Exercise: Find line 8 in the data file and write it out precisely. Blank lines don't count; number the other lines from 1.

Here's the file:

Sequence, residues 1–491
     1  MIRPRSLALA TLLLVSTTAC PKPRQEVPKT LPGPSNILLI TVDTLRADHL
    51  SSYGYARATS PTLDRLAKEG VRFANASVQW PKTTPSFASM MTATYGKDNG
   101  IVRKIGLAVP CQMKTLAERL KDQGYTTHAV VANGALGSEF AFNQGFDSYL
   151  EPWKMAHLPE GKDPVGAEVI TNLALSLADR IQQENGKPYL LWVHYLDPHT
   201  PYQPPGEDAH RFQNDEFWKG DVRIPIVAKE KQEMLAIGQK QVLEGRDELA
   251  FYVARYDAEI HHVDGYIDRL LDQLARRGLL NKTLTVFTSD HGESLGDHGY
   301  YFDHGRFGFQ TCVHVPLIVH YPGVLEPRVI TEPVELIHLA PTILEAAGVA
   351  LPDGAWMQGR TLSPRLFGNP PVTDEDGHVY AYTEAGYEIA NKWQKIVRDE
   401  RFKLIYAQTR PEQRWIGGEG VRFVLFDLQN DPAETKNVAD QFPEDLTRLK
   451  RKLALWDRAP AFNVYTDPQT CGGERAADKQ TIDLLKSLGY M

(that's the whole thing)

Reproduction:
   301  YFDHGRFGFQ TCVHVPLIVH YPGVLEPRVI TEPVELIHLA PTILEAAGVA